Tom’s secret ingredient this time, happened by mistake. One day he called me from Walmart- asking what groceries we needed! I told him, “Well we wanted to make Lasagna so whatever you need for that.” I had been complaining the day before about how unhealthy I had been eating and how I needed him to help me. So, being a considerate husband he bought meat, but the fat- freeist meat he could find. It looked like ground beef, but it was actually ground beef STEAK! It was some tasty meat and really classed up the dish. Tom’s other signature ingredient is a trace of nutmeg.

It was by far the best Lasagna I have ever eaten. Thank goodness for Italian missions!

Luscious Lentils!

Tom and I watched the Alton Brown episode on Lentils and thought this soup recipe looked good, I made it earlier this week and it was not only good it was spectacular. Make it- it will change your life. Okay not really, but it will spice it up! Don’t skip the coriander it is a crucial ingredient. I only had whole coriander, so I just emptied out my pepper grinder and ground the coriander it worked perfectly.

2 tablespoons olive oil

1 cup finely chopped onion

1/2 cup finely chopped carrot

1/2 cup finely chopped celery

2 teaspoons kosher salt

1 pound lentils, picked and rinsed

1 cup peeled and chopped tomatoes

2 quarts chicken or vegetable broth

1/2 teaspoon freshly ground coriander

1/2 teaspoon freshly ground toasted cumin

1/2 teaspoon freshly ground grains of paradise

Place the olive oil into a large 6-quart Dutch oven and set over medium heat. Once hot, add the onion, carrot, celery and salt and sweat until the onions are translucent, approximately 6 to 7 minutes. Add the lentils, tomatoes, broth, coriander, cumin and grains of paradise and stir to combine. Increase the heat to high and bring just to a boil. Reduce the heat to low, cover and cook at a low simmer until the lentils are tender, approximately 35 to 40 minutes. Using a stick blender, puree to your preferred consistency. Serve immediately.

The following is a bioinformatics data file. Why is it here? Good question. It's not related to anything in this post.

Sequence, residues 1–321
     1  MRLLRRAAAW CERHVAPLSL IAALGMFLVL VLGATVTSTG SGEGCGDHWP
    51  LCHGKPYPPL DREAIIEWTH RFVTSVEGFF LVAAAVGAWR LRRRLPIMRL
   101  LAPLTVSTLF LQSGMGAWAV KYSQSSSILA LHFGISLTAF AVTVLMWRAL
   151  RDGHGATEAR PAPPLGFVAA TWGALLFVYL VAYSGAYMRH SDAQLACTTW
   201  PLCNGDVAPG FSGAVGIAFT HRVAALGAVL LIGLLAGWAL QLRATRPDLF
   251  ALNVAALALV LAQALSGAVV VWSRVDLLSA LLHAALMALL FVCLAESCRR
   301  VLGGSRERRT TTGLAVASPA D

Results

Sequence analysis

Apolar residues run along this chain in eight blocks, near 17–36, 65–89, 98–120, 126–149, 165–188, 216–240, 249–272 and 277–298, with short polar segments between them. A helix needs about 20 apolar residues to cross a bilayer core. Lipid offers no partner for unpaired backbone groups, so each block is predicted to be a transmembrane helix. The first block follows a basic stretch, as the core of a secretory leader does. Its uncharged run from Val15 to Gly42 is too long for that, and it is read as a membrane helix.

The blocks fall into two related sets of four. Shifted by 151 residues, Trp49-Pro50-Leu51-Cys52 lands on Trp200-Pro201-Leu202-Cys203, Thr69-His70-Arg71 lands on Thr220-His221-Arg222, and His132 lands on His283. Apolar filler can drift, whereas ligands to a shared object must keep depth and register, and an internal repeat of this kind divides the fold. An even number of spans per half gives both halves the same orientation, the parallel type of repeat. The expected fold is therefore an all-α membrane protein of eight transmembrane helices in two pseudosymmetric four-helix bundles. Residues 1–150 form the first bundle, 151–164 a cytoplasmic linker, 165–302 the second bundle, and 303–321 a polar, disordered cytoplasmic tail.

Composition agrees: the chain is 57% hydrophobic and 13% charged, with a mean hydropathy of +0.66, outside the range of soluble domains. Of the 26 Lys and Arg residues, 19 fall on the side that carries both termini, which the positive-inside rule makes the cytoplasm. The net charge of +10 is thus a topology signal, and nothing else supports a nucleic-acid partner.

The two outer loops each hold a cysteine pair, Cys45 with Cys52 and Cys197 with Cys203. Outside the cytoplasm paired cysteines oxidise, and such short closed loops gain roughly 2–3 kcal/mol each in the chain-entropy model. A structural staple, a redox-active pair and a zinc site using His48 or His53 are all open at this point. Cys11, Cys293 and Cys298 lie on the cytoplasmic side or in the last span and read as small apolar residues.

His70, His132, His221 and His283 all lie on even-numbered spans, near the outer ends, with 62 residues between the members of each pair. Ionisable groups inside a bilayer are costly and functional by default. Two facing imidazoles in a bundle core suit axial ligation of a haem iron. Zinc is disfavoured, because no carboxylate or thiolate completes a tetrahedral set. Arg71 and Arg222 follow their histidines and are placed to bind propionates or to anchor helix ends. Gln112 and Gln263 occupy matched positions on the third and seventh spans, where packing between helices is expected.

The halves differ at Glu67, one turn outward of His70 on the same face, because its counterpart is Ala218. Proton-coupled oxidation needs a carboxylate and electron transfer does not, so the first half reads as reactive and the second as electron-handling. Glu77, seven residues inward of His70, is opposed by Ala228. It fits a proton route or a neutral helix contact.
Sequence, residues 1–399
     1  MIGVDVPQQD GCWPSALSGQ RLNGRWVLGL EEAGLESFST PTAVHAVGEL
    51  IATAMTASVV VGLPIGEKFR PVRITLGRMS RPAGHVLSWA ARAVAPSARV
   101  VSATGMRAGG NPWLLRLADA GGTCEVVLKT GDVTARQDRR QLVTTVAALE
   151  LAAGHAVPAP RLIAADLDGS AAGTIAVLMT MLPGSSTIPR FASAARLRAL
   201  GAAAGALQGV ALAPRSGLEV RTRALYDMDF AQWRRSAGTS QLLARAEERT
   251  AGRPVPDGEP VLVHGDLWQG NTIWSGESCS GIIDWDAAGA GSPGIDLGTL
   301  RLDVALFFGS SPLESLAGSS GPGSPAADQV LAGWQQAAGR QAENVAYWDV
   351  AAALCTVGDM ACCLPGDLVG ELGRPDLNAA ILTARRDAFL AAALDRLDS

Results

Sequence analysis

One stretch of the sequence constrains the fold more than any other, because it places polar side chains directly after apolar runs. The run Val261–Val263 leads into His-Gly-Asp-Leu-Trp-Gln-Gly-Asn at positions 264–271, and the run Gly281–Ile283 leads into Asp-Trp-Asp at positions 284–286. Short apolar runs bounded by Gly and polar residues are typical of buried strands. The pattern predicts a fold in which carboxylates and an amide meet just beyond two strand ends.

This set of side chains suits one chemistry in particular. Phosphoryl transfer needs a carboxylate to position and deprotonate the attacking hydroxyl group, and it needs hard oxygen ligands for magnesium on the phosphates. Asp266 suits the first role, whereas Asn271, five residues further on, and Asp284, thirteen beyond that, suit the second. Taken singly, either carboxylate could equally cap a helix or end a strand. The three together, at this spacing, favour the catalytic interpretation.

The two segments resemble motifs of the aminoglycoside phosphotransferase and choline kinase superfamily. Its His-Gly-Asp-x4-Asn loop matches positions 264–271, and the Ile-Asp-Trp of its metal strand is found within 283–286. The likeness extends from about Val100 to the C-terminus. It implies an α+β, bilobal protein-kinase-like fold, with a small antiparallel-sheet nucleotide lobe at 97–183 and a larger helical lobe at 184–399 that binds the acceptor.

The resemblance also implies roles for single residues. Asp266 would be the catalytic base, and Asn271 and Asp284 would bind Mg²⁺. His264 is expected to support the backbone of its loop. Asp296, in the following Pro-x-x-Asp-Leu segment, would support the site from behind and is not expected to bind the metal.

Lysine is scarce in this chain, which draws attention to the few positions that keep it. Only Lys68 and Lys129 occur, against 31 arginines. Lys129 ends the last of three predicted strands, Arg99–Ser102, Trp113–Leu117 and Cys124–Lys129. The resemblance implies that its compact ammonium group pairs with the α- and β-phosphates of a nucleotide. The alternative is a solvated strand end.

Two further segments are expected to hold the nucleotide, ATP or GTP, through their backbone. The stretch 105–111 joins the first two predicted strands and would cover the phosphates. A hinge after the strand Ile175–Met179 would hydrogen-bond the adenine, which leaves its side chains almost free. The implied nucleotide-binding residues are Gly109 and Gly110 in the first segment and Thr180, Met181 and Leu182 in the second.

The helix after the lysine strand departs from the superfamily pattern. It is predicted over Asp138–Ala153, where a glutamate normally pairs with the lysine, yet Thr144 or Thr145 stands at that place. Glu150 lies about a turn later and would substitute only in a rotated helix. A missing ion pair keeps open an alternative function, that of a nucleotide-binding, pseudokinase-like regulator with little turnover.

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Consecration thy Performance

The title of this talk rang out to me, as a result of the obvious connection of “Performance” in my life. It is an incredible talk, the kind that really can not be taken in in one read. Maxwell always leaves me truly inspired, if not overwhelmed. Here were some of my favorite quotes:

“Brothers and sisters, our individual worth is already divinely established as “great”; it does not fluctuate like the stock market.”

It’s easy to feel that we are more loved by the Lord when he is blessing us. However, we are always loved equally my the Lord- even in trial and hardship.



“The surrender of the mind is actually a victory, because it then introduces us to God’s stretching and “higher” ways!”

I love this quote because it is so un-PC. Surrendering ones mind is exactly what Oberlin fights against. If our faith is sufficient however, we will feel comfortable giving our mind to one more competent than we.



“If we desire fullness, we cannot hold back part!”